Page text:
Wednesday morning will tell us the composition of the next U.S. Congress, be it the widely expected ‘blue wave’ (the Democratic Party securing the majority in at least one of the two chambers) or the ‘red wall’ (the Republican Party defending their current majority in Congress). Yet, there are a lot of burning questions in US fiscal policy that need to be answered in the near term.

The first date to keep in mind is 7 December. By then, several appropriation bills need to be passed by the current Congress to avoid a government shutdown, i.e. a temporary closing of parts of the US government due to a lack of funding.

Empirically, a deal tends to be reached in the last minute only, leaving us in suspense for a month or so. On 1 March 2019, the statutory debt ceiling will be reinstated. Barring another suspension or timely increase, the US Treasury will be kept from issuing more debt.

It is assumed that the liquidity buffer will last until August 2019. Questions could also arise about the implications of a potential US government solvency problem, which could keep the bond market busy over the next summer.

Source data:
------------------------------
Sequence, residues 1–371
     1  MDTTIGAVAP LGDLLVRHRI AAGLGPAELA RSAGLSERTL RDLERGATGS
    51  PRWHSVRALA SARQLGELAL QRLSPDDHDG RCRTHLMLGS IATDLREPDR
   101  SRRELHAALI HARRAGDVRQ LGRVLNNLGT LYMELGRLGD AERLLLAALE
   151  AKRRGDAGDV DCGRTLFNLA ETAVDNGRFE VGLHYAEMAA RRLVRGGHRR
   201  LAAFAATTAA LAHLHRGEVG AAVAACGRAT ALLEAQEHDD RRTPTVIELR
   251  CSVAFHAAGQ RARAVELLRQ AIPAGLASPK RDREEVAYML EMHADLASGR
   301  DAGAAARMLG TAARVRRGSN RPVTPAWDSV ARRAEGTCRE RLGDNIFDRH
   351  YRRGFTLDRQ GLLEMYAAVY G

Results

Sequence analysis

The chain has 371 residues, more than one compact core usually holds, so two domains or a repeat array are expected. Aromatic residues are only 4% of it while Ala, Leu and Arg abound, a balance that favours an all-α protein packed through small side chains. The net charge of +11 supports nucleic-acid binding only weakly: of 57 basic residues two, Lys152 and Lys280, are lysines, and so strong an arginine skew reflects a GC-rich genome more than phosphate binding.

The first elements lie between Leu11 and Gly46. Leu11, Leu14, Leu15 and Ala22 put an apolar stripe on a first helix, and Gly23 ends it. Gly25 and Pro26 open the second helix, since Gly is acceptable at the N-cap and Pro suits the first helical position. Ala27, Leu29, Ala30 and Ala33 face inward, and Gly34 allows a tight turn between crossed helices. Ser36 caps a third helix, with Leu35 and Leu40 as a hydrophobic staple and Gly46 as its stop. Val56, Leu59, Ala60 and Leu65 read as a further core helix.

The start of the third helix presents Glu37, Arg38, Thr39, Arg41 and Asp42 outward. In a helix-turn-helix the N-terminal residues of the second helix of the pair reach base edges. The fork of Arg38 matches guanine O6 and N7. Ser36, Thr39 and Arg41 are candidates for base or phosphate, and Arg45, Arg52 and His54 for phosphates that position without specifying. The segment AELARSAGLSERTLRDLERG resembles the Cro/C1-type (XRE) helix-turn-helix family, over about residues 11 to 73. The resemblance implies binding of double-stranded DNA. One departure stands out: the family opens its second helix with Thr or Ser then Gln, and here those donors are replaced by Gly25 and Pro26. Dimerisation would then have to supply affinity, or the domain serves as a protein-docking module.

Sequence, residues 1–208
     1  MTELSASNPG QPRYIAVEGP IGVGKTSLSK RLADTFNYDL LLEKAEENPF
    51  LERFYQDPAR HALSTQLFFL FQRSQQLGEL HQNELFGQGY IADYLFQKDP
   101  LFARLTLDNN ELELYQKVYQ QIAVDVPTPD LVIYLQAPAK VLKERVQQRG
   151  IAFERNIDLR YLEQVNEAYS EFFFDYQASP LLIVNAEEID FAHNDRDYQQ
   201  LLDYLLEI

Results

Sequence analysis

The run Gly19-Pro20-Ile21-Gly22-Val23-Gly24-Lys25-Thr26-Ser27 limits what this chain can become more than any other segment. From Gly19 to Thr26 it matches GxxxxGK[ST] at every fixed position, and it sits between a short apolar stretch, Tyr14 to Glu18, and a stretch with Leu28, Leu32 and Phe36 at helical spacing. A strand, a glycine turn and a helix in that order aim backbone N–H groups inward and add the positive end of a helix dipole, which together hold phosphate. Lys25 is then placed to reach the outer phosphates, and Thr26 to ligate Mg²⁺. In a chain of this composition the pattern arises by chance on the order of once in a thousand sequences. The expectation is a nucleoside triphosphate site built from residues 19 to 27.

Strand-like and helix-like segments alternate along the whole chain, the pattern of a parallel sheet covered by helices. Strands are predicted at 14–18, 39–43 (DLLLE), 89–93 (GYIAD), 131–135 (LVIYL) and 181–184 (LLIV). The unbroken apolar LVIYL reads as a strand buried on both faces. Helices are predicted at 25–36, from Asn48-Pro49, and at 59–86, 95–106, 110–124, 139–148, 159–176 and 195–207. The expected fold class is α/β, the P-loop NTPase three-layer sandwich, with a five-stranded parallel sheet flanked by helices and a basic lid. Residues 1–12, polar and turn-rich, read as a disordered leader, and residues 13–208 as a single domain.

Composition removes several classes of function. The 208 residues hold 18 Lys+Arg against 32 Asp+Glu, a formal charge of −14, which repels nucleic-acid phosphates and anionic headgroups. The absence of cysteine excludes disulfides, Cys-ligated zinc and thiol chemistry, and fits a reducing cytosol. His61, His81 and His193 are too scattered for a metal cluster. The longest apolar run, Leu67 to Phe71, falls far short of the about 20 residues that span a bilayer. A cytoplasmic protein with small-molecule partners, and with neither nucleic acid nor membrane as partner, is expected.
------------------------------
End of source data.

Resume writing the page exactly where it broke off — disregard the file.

The outcome of the midterm elections will have an impact on these issues, as well as on the overall direction of US fiscal policy. If successful in capturing at least one chamber of Congress, the Democrats plan to repeal at least part of President Trump’s tax cuts.

In the case of a ‘red wall’, we actually might see even more tax cuts, which in turn could lead to more rate hikes by the Fed. US fiscal policy will keep the US bond market volatile.

Any opinions expressed here are the author’s own.

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